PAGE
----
Brad Moline, a fourth-generation Iowa turkey breeder, has seen this happen before. In 2015, a virulent bird flu epidemic nearly wiped out his flock.
Barns once filled with chattering birds were suddenly quiet. Employees were distressed at having to kill sick animals. The family business, started in 1924, was seriously threatened.
His business resumed, but now the virus is back, again putting the country’s poultry farms at risk. And this time, there’s another pernicious force at work: a powerful wave of misinformation claiming bird flu isn’t real.
“You just want to bang your head against the wall,” Moline said of Facebook groups in which people insist the flu is fake or, possibly, a bioweapon. “I understand the frustration with how COVID has been handled. I understand the lack of trust in the media today. I understand. But it’s real.
Although posing little risk to humans, the global outbreak has led farmers to cull millions of birds and threatens to drive up already rising food prices.
It also spawns fantastical claims similar to those that have arisen during the COVID-19 pandemic, highlighting how conspiracy theories often emerge in times of uncertainty, and how the internet and a growing mistrust of science and institutions fuel their spread.
The claims can be found on obscure online message boards and major platforms like Twitter. Some versions claim that the flu is fake, a hoax used to justify reducing the supply of birds in an effort to drive up food prices, either to destroy the world economy or to force people to become vegetarians.
“There is no ‘bird flu’ outbreak,” one man wrote on Reddit. “It’s just Covid for the chickens.”
Other posters insist that the flu is real, but has been genetically engineered as a weapon, perhaps meant to trigger a new round of COVID-like lockdowns. A popular version of the story in India posits that 5G cell towers are somehow to blame for the virus.
As evidence, many who claim the flu is fake note that animal health authorities monitoring the outbreak are using some of the same technology used to test for COVID-19.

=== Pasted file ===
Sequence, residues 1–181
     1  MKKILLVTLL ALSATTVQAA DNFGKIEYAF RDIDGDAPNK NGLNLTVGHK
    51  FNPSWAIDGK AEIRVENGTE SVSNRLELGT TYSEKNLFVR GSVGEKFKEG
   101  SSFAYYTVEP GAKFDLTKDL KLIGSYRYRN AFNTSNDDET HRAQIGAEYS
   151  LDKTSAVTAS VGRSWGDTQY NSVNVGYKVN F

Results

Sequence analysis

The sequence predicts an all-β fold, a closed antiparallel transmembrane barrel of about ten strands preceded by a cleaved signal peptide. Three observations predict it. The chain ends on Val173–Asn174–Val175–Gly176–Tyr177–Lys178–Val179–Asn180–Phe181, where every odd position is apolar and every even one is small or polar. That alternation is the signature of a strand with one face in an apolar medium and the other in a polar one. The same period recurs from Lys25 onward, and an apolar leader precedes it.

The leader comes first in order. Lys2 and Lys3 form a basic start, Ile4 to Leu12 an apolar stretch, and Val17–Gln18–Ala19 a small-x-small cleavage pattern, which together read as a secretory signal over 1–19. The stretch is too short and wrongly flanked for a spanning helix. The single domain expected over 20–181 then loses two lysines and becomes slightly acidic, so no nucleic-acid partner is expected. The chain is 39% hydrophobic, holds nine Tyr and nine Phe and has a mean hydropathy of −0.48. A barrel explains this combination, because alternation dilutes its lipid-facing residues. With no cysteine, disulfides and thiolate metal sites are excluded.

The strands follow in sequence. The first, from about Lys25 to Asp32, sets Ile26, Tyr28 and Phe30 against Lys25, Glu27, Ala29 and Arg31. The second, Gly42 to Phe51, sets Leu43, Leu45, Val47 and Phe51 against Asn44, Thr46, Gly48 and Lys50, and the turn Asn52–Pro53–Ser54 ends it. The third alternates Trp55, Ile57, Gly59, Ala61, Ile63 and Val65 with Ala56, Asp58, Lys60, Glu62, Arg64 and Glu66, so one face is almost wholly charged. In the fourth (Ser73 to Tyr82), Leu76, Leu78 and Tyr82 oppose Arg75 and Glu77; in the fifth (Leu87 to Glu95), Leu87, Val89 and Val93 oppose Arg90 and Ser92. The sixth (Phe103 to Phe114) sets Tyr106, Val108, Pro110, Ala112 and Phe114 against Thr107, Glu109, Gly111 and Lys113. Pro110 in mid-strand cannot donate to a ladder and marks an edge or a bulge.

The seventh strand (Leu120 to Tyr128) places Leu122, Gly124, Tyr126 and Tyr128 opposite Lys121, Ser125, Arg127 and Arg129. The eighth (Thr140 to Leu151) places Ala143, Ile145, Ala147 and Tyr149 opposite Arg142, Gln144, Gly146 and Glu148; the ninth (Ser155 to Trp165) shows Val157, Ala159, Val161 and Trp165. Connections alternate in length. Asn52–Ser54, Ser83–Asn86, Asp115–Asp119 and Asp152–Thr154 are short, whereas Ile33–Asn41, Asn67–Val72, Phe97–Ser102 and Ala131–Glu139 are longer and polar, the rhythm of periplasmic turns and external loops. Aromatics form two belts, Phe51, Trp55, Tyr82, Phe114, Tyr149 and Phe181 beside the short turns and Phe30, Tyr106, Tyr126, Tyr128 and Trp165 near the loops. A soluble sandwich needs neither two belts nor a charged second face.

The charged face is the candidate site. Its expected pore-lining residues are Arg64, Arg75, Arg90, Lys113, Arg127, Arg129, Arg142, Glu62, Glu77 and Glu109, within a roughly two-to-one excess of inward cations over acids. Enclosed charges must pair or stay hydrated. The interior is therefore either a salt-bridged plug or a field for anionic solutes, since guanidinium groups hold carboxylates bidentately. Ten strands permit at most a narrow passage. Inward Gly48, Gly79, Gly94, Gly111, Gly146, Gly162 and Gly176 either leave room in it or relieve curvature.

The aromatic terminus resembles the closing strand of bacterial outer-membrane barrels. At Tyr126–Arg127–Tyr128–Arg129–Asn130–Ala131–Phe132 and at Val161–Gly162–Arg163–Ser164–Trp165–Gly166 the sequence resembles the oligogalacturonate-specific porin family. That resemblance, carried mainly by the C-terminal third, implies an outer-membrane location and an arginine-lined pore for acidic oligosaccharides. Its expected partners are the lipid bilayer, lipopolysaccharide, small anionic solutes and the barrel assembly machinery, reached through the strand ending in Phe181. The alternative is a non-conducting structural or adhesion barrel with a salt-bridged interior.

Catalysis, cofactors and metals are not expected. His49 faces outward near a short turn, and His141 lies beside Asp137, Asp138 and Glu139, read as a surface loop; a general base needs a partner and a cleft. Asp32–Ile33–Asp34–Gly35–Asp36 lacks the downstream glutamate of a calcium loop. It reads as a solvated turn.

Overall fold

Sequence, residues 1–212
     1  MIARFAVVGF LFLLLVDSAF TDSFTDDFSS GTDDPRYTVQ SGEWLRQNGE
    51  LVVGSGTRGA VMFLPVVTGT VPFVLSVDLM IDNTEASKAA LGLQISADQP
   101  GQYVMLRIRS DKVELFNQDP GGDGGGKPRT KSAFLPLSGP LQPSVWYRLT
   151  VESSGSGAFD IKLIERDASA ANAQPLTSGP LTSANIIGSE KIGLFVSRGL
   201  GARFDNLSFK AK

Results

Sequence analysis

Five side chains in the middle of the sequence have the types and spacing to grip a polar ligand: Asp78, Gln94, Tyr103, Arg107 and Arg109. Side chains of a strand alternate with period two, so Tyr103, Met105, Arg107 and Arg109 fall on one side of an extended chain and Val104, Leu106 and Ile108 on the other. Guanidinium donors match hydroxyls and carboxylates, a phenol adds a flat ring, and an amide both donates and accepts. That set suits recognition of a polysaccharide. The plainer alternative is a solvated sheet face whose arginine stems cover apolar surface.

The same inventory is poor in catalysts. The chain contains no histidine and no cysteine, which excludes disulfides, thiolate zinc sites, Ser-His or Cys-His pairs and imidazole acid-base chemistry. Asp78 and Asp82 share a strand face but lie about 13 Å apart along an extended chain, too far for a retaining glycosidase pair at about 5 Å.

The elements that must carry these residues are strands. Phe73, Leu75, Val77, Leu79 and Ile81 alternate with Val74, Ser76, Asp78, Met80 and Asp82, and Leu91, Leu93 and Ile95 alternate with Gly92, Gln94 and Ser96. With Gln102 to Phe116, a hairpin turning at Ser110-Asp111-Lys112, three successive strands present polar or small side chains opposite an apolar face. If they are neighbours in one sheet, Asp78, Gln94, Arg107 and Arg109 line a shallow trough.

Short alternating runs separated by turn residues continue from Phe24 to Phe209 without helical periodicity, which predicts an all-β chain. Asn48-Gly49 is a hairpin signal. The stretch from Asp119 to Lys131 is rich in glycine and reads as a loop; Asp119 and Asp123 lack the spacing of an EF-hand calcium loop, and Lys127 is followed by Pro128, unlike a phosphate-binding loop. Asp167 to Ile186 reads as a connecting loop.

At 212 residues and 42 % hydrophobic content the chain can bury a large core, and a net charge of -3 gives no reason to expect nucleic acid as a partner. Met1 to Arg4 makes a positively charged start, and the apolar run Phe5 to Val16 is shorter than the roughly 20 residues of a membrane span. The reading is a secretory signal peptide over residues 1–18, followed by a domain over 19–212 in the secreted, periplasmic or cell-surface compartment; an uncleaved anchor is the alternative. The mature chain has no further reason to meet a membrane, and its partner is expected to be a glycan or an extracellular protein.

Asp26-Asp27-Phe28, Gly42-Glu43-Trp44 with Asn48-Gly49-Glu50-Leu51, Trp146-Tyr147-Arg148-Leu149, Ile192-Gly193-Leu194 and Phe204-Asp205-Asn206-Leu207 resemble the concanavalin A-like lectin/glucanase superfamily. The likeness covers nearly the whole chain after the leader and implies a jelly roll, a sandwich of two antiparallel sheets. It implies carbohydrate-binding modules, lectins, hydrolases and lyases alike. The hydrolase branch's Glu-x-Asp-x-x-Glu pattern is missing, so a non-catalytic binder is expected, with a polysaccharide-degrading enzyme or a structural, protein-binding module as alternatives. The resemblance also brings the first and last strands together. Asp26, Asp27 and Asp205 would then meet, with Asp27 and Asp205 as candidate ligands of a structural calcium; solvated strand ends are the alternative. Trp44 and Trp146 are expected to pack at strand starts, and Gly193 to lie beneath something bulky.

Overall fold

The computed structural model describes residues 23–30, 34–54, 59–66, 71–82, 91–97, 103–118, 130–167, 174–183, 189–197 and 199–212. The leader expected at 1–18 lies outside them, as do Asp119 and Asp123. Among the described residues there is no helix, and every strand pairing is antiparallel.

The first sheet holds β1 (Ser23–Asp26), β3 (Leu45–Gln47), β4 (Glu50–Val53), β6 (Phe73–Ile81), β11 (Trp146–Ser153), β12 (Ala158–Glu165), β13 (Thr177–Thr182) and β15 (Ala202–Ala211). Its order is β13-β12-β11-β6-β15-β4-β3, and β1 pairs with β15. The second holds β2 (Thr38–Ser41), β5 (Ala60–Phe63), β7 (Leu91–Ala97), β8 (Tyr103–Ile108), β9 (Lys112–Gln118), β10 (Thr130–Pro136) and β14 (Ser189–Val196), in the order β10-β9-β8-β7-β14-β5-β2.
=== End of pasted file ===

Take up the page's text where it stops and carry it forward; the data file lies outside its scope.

“They test animals for bird flu with PCR tests. This should give you an idea of what’s going on,” one Twitter user wrote, in a post that has been liked and retweeted thousands of times.
In truth, PCR tests have been commonly used in medicine, biology, and even law enforcement for decades; their creator won a Nobel Prize in 1993.
The reality of the outbreak is far more mundane, if not less devastating to birds and the people who depend on them for their livelihoods.
Farmers in states like Wisconsin, Iowa, Nebraska and South Dakota have already culled millions of poultry to prevent the outbreak from spreading. Zoos across the United States have moved exotic bird exhibits indoors to protect their animals, and wildlife authorities are discouraging the feeding of backyard birds in some states to prevent the spread by wild birds. . The disease has also claimed the lives of bald eagles across the country.
The first known human case of the H5N1 outbreak in the United States was confirmed last month in Colorado in an inmate who had participated in the slaughter and disposal of poultry at a local farm.
Most human cases involve direct contact with infected birds, which means the risk to a large population is low, but experts around the country are closely monitoring the virus just to be sure, according to Wisconsin Veterinary Director Keith Poulsen. Diagnostic Laboratory, an agency that tracks animal diseases in part to protect the state’s agricultural industries.
“I can guarantee you this is the real deal,” Poulsen told The Associated Press. “We are certainly not making this up.”